The Queen's Birthday
The Queen's public birthday usually falls on the second Saturday in June
by Liz Olson
Queen Elizabeth in 1958
Two birthdays for one queen: 21 April and (usually) the second Saturday in June
Every child's dream of two birthdays is a reality for Queen Elizabeth II. She celebrates her actual birthday on 21 April (1926) and a public birthday, which usually falls on the second Saturday in June. In 2008, the Queen's birthday will be celebrated on Saturday 14 June.
King Edward VII starts the summer birthday tradition
An official birthday for the Sovereign became a tradition for practical reasons. Because monarchs who were born in the winter often encountered weather problems during celebrations, a public holiday was created in the summer when there's a better chance of good weather. King Edward VII, who was born on 9 November 1841, was the first Sovereign to celebrate his official birthday on a separate day than his actual birthday. Festivities were held in either May or June. Queen Elizabeth II’s father, King George VI, who was born in mid-December, established the tradition of the official birthday.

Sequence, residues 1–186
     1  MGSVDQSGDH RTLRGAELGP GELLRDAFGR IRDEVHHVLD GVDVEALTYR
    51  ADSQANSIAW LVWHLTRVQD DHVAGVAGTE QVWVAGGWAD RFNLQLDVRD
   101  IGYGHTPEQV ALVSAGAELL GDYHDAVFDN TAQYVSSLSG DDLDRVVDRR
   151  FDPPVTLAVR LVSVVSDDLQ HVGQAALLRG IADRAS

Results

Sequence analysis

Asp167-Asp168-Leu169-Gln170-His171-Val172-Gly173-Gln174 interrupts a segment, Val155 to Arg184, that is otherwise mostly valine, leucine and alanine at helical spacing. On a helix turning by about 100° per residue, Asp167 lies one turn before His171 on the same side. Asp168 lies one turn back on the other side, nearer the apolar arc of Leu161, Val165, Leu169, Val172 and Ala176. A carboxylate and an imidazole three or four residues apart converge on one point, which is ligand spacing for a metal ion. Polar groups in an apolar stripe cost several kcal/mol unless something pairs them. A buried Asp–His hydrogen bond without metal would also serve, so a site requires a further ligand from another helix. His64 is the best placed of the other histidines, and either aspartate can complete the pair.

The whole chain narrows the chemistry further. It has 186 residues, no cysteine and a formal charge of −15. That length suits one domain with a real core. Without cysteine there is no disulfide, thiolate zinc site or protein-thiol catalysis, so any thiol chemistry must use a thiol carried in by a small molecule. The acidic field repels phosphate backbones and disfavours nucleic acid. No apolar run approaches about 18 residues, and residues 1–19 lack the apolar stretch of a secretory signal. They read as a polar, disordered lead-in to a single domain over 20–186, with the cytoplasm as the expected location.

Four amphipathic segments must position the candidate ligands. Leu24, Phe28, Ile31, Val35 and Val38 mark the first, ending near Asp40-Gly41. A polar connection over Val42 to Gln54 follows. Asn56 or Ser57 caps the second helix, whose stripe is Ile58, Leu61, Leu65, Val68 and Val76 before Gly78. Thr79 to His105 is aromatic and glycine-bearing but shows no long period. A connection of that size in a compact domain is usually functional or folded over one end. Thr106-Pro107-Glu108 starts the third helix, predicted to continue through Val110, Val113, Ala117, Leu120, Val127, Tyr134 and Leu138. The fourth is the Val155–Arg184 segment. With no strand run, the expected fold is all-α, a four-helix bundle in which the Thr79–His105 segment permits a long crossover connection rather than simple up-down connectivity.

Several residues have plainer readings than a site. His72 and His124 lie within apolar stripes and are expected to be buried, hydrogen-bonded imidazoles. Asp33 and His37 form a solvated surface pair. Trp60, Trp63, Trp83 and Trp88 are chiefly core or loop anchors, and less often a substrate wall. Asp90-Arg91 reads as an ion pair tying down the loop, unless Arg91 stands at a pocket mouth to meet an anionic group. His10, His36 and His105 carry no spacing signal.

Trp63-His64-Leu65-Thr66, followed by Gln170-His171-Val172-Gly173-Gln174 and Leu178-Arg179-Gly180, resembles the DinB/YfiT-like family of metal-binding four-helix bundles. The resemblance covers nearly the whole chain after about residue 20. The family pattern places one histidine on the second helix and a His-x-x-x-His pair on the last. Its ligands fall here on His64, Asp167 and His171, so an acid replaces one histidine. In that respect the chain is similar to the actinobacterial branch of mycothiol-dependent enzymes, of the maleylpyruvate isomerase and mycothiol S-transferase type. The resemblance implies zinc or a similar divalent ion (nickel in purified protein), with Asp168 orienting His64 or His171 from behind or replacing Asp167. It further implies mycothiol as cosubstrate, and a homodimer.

Queen Elizabeth's annual birthday bash
Held on the second Saturday of June, the official birthday is marked by the Trooping the Colour ceremony, the flying of the Union flag on government buildings, a 42-gun salute at noon, and the publication of The Queen's Birthday Honours List. Queen Elizabeth II usually spends her actual birthday privately at Windsor with friends and family.
Queen's Day in Australia and New Zealand
The Queen's birthday is celebrated in Australia and New Zealand as well, where they take two days off from work. Most Australians mark the public holiday on the second Monday in June, although in Western Australia they celebrate on the last Monday in September or the first Monday in October. New Zealanders observe the Queen’s official birthday on the first Monday in June.
Fun Fact: Queen Elizabeth II's birthday was celebrated on the second Thursday of June for the first seven years of her reign. When midweek became inconvenient, it was changed to Saturdays.
- More from United Kingdom Holidays